Hite: I think, by and large, our specific audience are relatively mature, relatively well-informed (and superbly good-looking!) gamers who can roll with a few vampiric punches. Obviously there are some places that good taste prevents us from going — no vampires caused 9/11 or 7/7 obviously — but in the wake of those atrocities, the world does indeed look different, and it looks a lot more like a horror game and a spy thriller than it did before. The espionage genre has to hold on to realism and current events, especially if you're going to add Dracula to it!
Ryder-Hanrahan: When we were updating locations and nodes - organizations, groups and the like - from Dracula to the present day, you grabbed some of the big locations from the novel straight away. Which of them was your favorite to translate to the modern era?
Hite: I really loved finding nine (or more!) locations for Castle Dracula, and of course tackling the old stately home SOE-stylings of Ring, but I think I had the most fun with the modern version of Carfax. Since that whole area of London (Plaistow, not Purfleet as Stoker lied) was pretty much leveled by the Blitz and then by urban renewal I had a free hand — and I finally got to find out what was in the Red Room in Stoker's notes. I kid you not, I've had actual nightmares about that room, and some of them are in the manuscript now.
You, of course, bogarted a lot of the Legacies right away — the 21st century descendants of Stoker's original 1894 team. Is there one of those Legacies that you really think a Director can sink her teeth into?
Ryder-Hanrahan: I'd be hard pressed to stay away from Philip Holmwood, the current Lord Godalming, with his seat in Westminster and political connections - there's a great House of Cards vibe from him (the classic original, of course, not the remake). I also like the Minion take on Lucy Blythe - Quincey Harker's daughter. I've always loved the concept that Dracula isn't a perfectly preserved unchanging immortal - that he gets old, and renews his youth by feeding on the blood of his victims. And the thought of the little old lady in the retirement home, biding her time until she becomes a vampire and can get her youth back... I could work with that.
Of course, since all our NPCs get written up with three different takes, it's entirely possible she's not a vampire-in-waiting, but is genuinely a kindly old woman who knows secrets that you'll need to stop Dracula. Come closer, my child, let me whisper in your ear...
Hite: There's a very dangerous little old lady in dilapidated socialist housing in the Bucharest suburbs, too. Stay away from little old ladies, especially if their writeup is near the sidebar on tetrodotoxin.
Ryder-Hanrahan: Over on the Kickstarter, besides knocking down stretch goals like boxes of earth, we're running a little game where pledgers can choose to back either Mina Harker or Van Helsing. Whichever one gets the most backing is the one who records a wax-cylinder message for future vampire hunters to find. Currently, Mina's got a strong lead - but which of them would you choose if you could?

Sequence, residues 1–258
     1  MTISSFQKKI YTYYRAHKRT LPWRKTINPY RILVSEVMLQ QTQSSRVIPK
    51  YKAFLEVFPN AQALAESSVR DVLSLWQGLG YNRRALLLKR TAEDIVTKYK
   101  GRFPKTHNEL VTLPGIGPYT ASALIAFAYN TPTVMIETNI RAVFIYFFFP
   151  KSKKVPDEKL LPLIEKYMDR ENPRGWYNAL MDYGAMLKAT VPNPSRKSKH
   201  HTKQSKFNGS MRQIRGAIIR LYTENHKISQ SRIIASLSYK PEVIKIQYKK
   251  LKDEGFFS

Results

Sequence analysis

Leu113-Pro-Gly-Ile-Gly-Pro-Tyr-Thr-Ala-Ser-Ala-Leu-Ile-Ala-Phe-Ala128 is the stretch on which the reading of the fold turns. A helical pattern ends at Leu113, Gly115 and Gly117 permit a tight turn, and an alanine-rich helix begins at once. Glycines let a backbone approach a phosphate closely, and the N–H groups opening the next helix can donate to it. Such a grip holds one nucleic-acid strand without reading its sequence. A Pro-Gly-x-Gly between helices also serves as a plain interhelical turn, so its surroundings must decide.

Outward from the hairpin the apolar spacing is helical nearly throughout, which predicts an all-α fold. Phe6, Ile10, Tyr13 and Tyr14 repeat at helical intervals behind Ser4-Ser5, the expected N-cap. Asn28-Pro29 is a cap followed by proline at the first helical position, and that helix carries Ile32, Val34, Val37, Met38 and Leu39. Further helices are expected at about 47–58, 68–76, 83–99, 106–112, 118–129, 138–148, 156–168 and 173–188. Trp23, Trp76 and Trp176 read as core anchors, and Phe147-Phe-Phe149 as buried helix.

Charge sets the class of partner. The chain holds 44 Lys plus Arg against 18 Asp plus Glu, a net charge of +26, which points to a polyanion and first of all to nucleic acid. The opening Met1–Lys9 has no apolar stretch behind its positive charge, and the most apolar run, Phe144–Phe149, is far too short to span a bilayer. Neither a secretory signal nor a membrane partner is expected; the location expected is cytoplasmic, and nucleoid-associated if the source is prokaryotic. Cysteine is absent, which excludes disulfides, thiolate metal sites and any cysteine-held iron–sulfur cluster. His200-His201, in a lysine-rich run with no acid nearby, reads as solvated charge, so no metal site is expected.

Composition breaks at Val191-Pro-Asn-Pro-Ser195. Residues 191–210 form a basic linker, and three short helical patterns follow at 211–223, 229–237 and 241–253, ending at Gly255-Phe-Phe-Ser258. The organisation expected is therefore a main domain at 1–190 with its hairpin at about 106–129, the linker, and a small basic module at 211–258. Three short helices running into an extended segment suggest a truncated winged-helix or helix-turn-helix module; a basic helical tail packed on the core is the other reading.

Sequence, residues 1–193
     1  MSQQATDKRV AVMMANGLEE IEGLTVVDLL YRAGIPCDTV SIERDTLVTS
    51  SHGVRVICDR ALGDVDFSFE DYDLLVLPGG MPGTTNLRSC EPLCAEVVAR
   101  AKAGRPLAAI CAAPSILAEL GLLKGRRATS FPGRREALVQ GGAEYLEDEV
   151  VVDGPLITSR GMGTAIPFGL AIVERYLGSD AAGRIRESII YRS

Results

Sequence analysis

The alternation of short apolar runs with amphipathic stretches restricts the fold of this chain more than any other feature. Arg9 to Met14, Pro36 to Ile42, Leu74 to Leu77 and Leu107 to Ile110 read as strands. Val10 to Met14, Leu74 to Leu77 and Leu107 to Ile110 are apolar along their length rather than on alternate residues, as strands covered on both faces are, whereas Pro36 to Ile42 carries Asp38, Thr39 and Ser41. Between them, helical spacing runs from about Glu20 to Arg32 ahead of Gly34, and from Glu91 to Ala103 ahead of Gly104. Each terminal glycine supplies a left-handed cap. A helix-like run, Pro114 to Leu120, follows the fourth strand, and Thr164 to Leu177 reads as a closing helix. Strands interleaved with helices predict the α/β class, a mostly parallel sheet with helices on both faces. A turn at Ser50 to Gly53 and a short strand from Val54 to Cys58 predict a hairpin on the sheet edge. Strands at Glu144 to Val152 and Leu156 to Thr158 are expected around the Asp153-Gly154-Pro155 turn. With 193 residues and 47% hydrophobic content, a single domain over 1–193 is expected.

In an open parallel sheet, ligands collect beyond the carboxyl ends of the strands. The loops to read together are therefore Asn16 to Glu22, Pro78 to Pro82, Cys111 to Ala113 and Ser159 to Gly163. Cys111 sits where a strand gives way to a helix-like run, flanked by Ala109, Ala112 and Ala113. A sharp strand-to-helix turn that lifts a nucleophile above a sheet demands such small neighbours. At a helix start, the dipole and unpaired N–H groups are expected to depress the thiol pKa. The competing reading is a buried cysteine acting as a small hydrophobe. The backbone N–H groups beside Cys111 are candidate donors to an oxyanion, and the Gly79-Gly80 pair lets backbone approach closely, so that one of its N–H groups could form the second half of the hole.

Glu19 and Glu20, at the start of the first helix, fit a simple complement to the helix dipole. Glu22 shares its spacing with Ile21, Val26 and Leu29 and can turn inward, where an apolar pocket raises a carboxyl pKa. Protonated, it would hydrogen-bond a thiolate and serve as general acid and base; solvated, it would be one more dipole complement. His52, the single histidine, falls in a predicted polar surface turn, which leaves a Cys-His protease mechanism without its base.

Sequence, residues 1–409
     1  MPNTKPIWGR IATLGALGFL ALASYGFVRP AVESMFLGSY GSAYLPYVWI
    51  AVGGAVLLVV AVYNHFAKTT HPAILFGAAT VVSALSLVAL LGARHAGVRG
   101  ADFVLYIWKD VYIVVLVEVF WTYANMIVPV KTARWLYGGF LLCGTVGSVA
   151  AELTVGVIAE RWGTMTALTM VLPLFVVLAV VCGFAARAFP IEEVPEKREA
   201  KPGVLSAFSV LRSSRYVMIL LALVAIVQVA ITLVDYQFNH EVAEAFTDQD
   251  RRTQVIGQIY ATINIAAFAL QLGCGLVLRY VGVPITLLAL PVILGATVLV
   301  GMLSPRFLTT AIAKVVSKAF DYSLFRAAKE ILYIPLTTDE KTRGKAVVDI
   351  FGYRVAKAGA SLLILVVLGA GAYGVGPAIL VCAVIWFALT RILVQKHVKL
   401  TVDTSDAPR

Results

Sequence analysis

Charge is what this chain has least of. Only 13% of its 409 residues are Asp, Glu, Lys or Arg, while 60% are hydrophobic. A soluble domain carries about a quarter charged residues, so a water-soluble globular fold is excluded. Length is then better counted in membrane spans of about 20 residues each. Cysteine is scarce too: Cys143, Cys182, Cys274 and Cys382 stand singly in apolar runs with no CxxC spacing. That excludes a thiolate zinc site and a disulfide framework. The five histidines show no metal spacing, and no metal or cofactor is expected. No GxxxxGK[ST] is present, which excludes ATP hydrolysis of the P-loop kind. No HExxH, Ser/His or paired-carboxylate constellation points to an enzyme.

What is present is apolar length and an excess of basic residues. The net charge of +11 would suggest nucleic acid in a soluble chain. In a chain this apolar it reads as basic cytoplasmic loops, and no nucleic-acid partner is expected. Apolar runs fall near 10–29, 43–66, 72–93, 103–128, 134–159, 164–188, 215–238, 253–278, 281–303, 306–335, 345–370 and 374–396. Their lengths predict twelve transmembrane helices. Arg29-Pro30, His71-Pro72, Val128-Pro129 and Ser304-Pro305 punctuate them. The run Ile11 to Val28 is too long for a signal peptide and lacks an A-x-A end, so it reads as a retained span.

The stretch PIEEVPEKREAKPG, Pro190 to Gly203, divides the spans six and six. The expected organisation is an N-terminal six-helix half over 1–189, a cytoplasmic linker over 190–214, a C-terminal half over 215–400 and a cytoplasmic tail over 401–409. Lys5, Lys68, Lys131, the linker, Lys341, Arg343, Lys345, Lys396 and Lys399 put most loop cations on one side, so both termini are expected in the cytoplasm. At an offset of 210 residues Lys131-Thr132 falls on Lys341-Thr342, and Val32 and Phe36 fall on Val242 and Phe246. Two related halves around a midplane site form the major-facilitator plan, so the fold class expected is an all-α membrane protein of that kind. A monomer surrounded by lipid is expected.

Hite: I like them both, because they really embody the brilliant tension in the novel — between the old class and the new class obviously, but also between science and superstition. Both Mina and Van Helsing cross both streams, which is partly why they stand out so much against the other hunters. But if I have to pick one, my inner Giles-ness would probably point me toward picking Van Helsing.
Who doesn't love a well-read histrionic occultist with dodgy Church connections and a bag full of knives?
Ryder-Hanrahan: I'd go for Van Helsing too, to continue Stoker's tradition of writing absurd accents.
Hite: Although in the Handbook you speculate that Morris' Texan-ness is a cover, I have always thought that Van Helsing's Crazy Dutch Syntax had to be a put-on, to cover a very precise, dare I say Teutonic? mind.
Ryder-Hanrahan: Morris is obviously a cover identity. One of the joys of this project has been exploring all the idiosyncrasies and co-incidences of the novel.
Hite: I'm just happy we get to put back in all the crazy geology and volcanoes that Stoker took out — and when I found real-life major earthquakes in Romania in 1894, 1940, and 1977, I knew the Dracula Dossier was going to work the way I wanted it to.
Ryder-Hanrahan: I know I started out asking you if there was anything new to be said about Dracula, but with all the material in Stoker's Notes and the thoroughly weird Icelandic translation, it's almost as though even Stoker isn't finished talking about him.
Hite: Yes indeed. No matter how thoroughly you think you've staked him, as the Hammer films taught us, Dracula is always risen from the grave … again!